Making A Website 04 – Responsiveness

Our light website is coming along nicely! By now you should have a light website that looks good, has multiple pages and a menu. But there’s still some work to do – today we’re going to make our website responsive.

What is responsiveness?

Before we start making our website responsive, I think it’s important to understand what responsiveness actually is. Put simply, responsiveness tells your website to respond in a certain way under particular conditions.

In this case, we’re going to setup our website to respond to a small display, like a mobile phone, by reformatting the images and menu. This sounds really complicated, but it really isn’t.

The CSS

The first thing we need to do is to add some additional CSS to our style.css file. Here is the CSS you will need to add:

/* Make the website responsive */
@media screen and (max-width: 100%) {
  .main {
    width: 800px;
  }
}
@media screen and (max-width: 640px) {
  ul.nav li {float: none;}
}
.main {
  float: center;
  width: 100%;
  max-width: 800px;
  margin: 0 auto;
}

There are basically three different statements we’re making with this CSS. In the first @media statement we’re setting the width of the .main section (more on that later) to 800px.

In the second @media statement we’re telling our website to reformat the menu to a single item per line if the screen width is 640px or less.

The .main statement formats the body of each page to actually make it all respond how we want it to.

You will also need to make some changes to the body section of your style sheet:

/* BEFORE */
body {
  background: var(--bg);
  color: var(--main);
  font-family: sans-serif;
  font-size: 1.1em;
  display: block;
  text-align: left;
  width: 800px;
  margin: 0 auto;
}
/* AFTER */
body {
  background: var(--bg);
  color: var(--main);
  font-family: sans-serif;
  font-size: 1.1em;
}

The final CSS change you need to make is to add responsive formatting to images so they adapt too. This will stop them scrolling off the screen as it shrinks. Instead, they will adapt and shrink with the screen:

/* Format images */
img {
  max-width: 100%;
  height: auto;
}
img.home-banner {
  padding-top: 20px;
  padding-bottom: 20px;
  max-width: 100%;
  height: auto;
}

The HTML

That’s it for the CSS. We now need to make some HTML changes. These steps will need to be done on every HTML page on your website.

The first step is to add a viewport to the <head> section of every webpage. The additional line is highlighted below on line 3:

<head>
<link href="style.css" rel="stylesheet" type="text/css" media="all">
<meta name="viewport" content="width=device-width, initial-scale=1.0">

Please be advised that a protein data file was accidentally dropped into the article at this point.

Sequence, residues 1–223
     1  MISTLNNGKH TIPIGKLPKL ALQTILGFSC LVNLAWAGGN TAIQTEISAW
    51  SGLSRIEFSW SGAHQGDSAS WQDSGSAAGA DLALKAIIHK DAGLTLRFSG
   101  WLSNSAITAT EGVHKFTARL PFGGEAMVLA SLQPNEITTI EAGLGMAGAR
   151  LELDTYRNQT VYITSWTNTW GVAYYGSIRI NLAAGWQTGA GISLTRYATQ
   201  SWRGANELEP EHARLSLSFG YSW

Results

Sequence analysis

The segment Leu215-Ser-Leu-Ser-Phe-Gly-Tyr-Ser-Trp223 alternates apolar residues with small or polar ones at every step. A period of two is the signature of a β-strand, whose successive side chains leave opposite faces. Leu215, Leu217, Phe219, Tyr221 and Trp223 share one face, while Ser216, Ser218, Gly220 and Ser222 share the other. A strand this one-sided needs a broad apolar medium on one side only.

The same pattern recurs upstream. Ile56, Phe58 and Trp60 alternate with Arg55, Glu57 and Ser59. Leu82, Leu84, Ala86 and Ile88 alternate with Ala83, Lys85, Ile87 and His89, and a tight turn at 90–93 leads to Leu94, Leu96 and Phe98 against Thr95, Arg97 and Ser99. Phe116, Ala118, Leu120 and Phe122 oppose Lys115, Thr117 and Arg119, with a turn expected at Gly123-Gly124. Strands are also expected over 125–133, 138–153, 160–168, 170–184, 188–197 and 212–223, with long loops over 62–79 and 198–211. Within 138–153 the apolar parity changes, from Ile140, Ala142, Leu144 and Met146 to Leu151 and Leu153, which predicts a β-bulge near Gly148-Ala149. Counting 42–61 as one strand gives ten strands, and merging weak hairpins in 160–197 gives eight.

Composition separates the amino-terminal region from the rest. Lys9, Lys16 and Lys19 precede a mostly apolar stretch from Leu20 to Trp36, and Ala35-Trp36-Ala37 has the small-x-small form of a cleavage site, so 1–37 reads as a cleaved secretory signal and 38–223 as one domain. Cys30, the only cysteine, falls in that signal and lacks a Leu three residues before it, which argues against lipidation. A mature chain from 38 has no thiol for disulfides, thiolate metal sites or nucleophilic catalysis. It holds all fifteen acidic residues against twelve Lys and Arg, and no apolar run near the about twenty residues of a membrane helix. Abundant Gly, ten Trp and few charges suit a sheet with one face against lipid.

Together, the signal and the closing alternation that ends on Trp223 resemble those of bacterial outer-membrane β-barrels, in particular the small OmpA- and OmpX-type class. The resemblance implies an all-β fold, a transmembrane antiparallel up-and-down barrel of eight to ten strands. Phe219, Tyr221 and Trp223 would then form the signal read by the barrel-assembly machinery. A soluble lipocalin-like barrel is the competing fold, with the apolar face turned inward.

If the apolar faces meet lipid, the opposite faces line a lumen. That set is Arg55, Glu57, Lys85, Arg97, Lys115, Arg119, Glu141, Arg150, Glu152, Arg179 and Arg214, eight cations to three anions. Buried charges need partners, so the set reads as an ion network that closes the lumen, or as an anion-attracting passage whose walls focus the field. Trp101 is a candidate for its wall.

<link rel="shortcut icon" href="images/favicon.png" />
<title>MyLight.Website</title>
</head>

Viewports require a bit of explanation, but I think doing so would derail the flow of this post. If you want to learn more about viewports, take a look at this page.

The final step is to add support for the .main section. Again this needs to be done on all pages of the website. This is done by adding a <div> inside the <body> tag. See lines 2 and 19 below:

<body>
<div class="main">
<!-- *** NAVIGATION SECTION *** -->
<ul class="nav">
  <li class="nav"><a href="index.html" class="active">Home</a></li>
  <li class="nav"><a href="about.html">About</a></li>
  <li class="nav"><a href="contact.html">Contact</a></li>
</ul>
<!-- *** END NAVIGATION *** -->
<img class="home-banner" src="images/home-banner.png"></img>
<!-- *** START PAGE CONTENT *** -->
<p>Your page's content will go here!</p>
<!-- *** END PAGE CONTENT *** -->
</div>
</body>

That’s it, your website is now responsive. No, that really is it! I told you it was simple. If you want to test it out, visit your website and shrink your window so it’s not full screen. Then, keep reducing the width of the window, eventually you should see the menu flip to its responsive mode:

Look at that beautiful, responsive website! Great work, folks. As you can see, our banner image, which is 800px wide, has shrunk with the webpage so the formatting remains in place.

Conclusion

We’re nearly at the end of this series now, there’s just two posts left were we will be adding a blog and the finishing touches to our website.

As usual, I have added the source code for everything that’s covered in this post to the downloads page of MyLight.Website. You can also use this site to work through each step in this series in a wizard-like fashion.

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